“When trying to resolve a debt, debt collectors are part of your solution. They want to get paid so they’ll find a way to work with you if it’s within their parameters,” said Michael Bovee, co-founder of Resolve.
These parameters are the criteria set by their client for negotiating settlements. So it does matter who owns the debt. The specifics of each consumer’s debt and financial situation also impact how that account is handled, Bovee said.
It may not always be clear what the best payment terms are for your situation. While things have improved in the industry, Bovee has found that some collectors withhold information or press emotional buttons.
“Remember they’re not your friend or guiding you into what’s in your best interest,” he said. “You are responsible for that.”
He suggests getting your agreement in writing before paying a debt collector. You can learn more about debt settlement here.
Understanding today’s collection agencies
To better understand the agency you’re dealing with, it can help to know what types of clients they represent (banks, telecommunications companies, health care providers), their standing with the BBB, and if there are any consistent complaints lodged against them. This enables you to spot any known unethical behavior as well as anticipate how they might negotiate your settlement.
Here’s a quick look at a few of the larger agencies:
Afni is a large collection agency with clients in telecommunications, satellite and cable, health care, and insurance. Significantly more complaints were lodged against AFNI with both the BBB and CFPB than the other three agencies (below) combined. Learn more about Afni here.
Alltran, formerly United Recovery Services, has grown through acquisition and serves clients in government, health care, financial services, and higher education. With a somewhat scientific approach to collections, and at times an unwillingness to provide negotiated settlements in writing, it’s wise to seek guidance when responding to their collection communications. Learn more about Alltran here.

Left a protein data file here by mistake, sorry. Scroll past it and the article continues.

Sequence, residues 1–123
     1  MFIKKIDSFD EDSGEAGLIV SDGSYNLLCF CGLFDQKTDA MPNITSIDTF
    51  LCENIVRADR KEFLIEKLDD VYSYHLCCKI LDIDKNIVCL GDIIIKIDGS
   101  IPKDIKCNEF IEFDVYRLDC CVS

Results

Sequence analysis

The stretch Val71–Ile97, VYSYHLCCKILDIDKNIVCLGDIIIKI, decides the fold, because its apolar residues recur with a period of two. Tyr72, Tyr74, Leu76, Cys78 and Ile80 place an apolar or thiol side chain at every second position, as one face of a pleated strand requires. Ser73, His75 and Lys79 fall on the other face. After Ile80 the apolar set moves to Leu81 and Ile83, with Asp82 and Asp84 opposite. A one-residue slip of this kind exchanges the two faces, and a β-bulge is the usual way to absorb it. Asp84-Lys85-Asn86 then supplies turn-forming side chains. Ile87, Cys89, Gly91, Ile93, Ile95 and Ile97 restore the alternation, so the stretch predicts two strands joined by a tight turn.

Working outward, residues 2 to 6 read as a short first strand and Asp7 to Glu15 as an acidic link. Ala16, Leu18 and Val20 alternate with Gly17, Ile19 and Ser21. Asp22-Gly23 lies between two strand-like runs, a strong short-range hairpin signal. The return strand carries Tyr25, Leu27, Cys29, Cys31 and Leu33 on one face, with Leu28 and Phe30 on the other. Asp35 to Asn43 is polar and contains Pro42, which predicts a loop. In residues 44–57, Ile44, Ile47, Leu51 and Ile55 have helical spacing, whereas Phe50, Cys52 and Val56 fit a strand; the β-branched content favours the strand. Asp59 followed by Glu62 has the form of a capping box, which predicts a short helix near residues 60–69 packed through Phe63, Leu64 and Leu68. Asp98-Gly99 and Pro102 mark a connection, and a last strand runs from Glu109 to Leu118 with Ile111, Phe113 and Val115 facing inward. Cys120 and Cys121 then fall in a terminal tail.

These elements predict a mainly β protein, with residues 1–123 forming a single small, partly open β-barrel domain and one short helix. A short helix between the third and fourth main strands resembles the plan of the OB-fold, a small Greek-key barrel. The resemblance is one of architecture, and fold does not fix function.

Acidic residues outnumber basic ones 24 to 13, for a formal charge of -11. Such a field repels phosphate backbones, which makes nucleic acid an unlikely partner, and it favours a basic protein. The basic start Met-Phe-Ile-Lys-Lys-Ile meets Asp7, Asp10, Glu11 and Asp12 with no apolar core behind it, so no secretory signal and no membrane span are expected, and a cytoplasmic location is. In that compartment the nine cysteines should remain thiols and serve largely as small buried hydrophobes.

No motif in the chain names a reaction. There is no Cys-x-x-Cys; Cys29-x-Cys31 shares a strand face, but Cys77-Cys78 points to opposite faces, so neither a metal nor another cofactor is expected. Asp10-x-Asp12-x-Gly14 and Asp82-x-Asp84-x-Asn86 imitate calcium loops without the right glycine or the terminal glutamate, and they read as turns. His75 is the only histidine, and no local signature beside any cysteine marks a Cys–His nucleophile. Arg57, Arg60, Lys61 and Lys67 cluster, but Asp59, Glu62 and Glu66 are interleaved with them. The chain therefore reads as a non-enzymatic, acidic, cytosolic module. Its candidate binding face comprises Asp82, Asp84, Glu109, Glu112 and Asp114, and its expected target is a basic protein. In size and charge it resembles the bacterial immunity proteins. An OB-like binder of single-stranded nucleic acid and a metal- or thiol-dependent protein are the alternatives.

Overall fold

Client Services, Inc. (CSI) markets itself as a full-service account receivable management company serving banks, utility companies, municipalities, county governments, private educational institutions, and medical providers. It has a fairly typical number of complaints lodged with BBB and CFPB when compared to the other three agencies. Learn more about Client Services, Inc here.
United Collection Bureau (UCB) collects on accounts for clients in health care, government, finance, and student loan industries. It has a fair number of complaints with the BBB and but very few with CFPB. It is not a member of ACA International, the credit and collection professionals industry association that establishes professional standards. Learn more about United Collection Bureau here.
Because negotiation tactics will vary based on the specifics of your account, it can be helpful to chat with a debt counselor prior to responding to a collection agency.
How Resolve can help
If you’ve received collection letters or a call from a debt collection agency, we’re here to help. Become a Resolve member and we’ll contact your creditors to get you the best offers for your financial situation. Our debt experts will answer your questions and guide you along the way. And our platform offers powerful budgeting tools, credit score insights and more. Join today.